This year winter break seemed suspiciously shorter than usual. That’s because it was! We lost a whole three days! That might not seem like a ton of time, but I, for one, would have preferred keeping them. In exchange for cutting these three days from our winter break, we are only gaining one day of summer break. How does that make sense? Well… we only lost one weekday during the break, but since the break started in the middle of a week and ended in the middle of a week we are losing a weekend that would’ve added an extra two days of rest and relaxation. Why would we choose to start and end in the middle of school week, then?
This ties into a much bigger issue that has been becoming more prominent. Our break is directly connected to Christmas and New Year’s. I remember a couple of years ago when we were in middle school and the teachers would call it Christmas break, because that’s what it is, right? Well now it’s too politically incorrect to do that,because we wouldn’t want to offend anyone of course… So more and more often you will hear people saying, “Happy winter break”. But, if it’s politically incorrect to call it Christmas break, shouldn’t it be politically incorrect to directly correlate a public school break to a specific religious holiday?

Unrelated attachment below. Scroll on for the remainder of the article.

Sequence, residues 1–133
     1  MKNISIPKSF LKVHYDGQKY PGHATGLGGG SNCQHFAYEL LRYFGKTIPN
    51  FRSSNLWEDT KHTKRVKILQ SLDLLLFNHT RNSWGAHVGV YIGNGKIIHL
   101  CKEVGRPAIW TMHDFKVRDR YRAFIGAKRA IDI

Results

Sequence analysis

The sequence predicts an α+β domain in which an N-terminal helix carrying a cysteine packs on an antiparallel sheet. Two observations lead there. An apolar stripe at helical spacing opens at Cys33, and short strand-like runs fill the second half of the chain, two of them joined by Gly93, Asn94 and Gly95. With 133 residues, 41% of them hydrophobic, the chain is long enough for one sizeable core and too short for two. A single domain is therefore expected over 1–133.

I, myself, am Jewish (my family celebrates Christmas as well) and Hanukkah falls at a different time each year. This year we were lucky and it fell during break, but most years we end up celebrating while school is still in session. Of course, we would prefer to have winter break correlate with our holiday, but what about people who celebrate other winter holidays? Or people who celebrate their holidays at other times of the year with no break at all? Where’s their break? If we aren’t going to give breaks for other religious holidays, I personally don’t believe we should be aligning winter break with a specifically Christian holiday.
To sum up, we should not be scheduling our school breaks for any particular religion’s benefit. And we DEFINITELY should not be losing days of our precious break!
– Garrett Kennedy